It's our old friend the Uncanny Valley and it basically postulates that the more realistic something gets to a human likeness, the more repulsive it is. I don't mean like realistic special effects as in "Wrath Of The Titans" - that giant, flaming lava hand of Chronos looks cool - but rather likeness when it comes to humanoids, be they zombies or robots.
The Uncanny Valley has long been known, but but finding that line has been experimental. Technologists basically make things more and more realistic until people are creeped out and they compile statistics. It is moderately interesting applied psychology for consumer research but not science. However, now neuroscientists are on the trail, writes Elizabeth Landau on CNN.
First, he is a graphical primer on the uncanny valley:
The uncanny valley. Notice that if the object moves, the affinity or revulsion caused by the machine becomes much more pronounced. Photo Credit: AndroidScience.
Landau writes about Ayse Saygin, professor at the University of California, San Diego, who found something interesting in the neuroscience of creepiness: "The network that normally processes your body movements is more active when you view an android," compared with a stripped-down robot or a human, which could be because the brain has to combine conflicting information.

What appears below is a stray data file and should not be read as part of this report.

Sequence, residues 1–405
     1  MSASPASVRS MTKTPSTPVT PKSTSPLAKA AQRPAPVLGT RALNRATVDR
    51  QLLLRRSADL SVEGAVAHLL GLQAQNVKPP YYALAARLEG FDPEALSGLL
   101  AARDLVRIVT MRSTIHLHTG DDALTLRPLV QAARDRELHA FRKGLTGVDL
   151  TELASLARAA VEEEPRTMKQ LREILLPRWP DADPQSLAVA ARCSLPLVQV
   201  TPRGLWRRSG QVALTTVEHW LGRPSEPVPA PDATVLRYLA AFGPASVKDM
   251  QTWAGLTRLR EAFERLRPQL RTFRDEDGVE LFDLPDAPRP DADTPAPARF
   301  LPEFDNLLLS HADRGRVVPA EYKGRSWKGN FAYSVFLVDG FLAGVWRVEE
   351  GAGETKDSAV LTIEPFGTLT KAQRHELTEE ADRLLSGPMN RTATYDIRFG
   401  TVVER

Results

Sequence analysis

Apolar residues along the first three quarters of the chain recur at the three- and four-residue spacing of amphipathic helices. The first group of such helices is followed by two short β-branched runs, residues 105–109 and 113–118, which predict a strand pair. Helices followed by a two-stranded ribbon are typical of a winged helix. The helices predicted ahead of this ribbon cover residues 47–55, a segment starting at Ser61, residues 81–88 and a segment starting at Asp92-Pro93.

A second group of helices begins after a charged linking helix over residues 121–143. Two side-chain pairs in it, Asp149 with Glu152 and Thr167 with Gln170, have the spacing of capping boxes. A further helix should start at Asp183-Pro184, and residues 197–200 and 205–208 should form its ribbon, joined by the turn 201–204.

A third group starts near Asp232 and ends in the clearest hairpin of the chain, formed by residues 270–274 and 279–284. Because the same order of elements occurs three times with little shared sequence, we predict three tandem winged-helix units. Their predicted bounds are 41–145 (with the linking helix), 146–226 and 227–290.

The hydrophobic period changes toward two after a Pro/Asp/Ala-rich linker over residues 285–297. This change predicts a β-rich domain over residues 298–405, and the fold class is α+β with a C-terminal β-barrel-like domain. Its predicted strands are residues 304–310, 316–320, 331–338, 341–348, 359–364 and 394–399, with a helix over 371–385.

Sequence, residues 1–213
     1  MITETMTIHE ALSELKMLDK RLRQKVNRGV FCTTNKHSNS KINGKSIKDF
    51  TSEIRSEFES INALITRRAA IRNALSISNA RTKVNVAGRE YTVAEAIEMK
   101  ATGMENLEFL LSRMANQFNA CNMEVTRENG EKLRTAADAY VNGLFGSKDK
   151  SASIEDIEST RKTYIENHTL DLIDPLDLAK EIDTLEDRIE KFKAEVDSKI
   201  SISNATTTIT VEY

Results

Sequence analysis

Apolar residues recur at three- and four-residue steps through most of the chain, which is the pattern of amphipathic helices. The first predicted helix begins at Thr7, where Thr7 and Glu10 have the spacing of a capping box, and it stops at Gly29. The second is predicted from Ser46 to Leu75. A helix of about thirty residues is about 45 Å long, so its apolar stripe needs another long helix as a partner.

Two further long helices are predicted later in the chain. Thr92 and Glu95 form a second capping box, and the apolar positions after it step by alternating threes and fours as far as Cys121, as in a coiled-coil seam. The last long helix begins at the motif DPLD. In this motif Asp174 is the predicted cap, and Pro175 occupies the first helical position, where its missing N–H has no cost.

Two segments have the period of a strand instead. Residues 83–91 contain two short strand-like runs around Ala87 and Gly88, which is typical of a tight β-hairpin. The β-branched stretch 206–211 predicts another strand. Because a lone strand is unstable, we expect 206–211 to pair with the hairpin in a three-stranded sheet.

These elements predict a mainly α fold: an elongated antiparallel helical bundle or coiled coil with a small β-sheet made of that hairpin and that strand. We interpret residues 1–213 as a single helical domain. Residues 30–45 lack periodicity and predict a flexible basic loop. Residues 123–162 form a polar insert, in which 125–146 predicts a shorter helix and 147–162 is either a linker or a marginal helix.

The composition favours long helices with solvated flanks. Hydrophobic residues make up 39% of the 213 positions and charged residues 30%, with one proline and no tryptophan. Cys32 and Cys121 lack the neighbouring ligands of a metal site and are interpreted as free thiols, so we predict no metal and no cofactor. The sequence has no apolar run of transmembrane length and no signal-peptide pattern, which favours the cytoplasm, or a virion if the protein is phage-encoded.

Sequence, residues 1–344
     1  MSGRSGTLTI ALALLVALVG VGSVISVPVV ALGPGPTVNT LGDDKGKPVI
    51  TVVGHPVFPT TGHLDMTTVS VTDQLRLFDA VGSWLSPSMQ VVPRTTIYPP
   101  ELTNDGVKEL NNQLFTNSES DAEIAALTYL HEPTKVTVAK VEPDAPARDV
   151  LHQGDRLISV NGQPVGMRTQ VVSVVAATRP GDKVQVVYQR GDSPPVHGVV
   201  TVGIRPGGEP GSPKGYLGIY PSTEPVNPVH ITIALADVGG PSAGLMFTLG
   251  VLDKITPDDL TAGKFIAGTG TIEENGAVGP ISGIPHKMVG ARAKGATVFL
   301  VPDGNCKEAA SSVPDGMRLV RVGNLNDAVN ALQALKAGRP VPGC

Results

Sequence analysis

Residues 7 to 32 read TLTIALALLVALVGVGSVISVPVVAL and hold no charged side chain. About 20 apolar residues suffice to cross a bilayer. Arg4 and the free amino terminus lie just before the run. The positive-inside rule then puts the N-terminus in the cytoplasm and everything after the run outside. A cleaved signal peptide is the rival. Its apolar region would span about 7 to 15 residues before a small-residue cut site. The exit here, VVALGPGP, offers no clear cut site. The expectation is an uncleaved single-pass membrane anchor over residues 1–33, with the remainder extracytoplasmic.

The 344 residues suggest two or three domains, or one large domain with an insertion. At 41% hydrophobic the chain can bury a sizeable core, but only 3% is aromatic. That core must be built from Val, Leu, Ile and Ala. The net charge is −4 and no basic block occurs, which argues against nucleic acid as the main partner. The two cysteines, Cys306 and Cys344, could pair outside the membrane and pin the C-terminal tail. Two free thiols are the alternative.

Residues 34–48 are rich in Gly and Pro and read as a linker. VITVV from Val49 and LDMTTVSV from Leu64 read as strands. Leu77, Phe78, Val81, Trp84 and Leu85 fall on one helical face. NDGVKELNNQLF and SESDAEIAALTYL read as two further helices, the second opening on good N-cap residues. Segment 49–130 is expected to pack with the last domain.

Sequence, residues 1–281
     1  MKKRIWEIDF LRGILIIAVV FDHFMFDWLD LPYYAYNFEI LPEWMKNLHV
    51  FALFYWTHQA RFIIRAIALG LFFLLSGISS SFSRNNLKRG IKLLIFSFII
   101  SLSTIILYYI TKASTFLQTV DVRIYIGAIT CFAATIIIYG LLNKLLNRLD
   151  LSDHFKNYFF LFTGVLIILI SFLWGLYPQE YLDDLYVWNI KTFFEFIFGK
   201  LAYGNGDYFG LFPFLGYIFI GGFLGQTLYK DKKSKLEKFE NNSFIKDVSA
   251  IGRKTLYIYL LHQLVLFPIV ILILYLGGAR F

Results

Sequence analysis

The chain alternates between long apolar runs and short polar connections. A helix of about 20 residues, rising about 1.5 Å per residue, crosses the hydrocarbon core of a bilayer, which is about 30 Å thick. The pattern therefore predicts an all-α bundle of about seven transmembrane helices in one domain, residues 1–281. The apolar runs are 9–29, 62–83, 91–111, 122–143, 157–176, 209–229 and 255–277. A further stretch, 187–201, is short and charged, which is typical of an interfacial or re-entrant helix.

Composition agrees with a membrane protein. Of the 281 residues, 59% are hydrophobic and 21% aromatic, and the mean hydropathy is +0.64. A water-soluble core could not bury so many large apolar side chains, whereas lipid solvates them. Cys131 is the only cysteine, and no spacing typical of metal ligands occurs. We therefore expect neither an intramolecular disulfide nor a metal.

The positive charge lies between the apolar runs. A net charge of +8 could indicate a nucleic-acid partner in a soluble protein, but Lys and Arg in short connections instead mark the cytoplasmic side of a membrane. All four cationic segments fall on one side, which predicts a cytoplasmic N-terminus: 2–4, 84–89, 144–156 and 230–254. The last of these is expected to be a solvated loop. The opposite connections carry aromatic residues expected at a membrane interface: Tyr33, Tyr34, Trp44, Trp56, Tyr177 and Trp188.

It's uncanny. And still creepy! Professor Hiroshi Ishiguro. Link: The Guardian
Is it because we know eerily realistic robots and most clowns look alive but we know they are not, and thus they play on our fear of death (or Jamaicans, in the case of voodoo zombies)? That's empathy, not science, but still worth considering.
Chris Rollins wrote about the uncanny valley being scaled by, you guess it, Japanese researchers. Here is a video. Still too weird? Or are people getting more and more accustomed as time, and realistic special effects, march on?
H/T Mark Changizi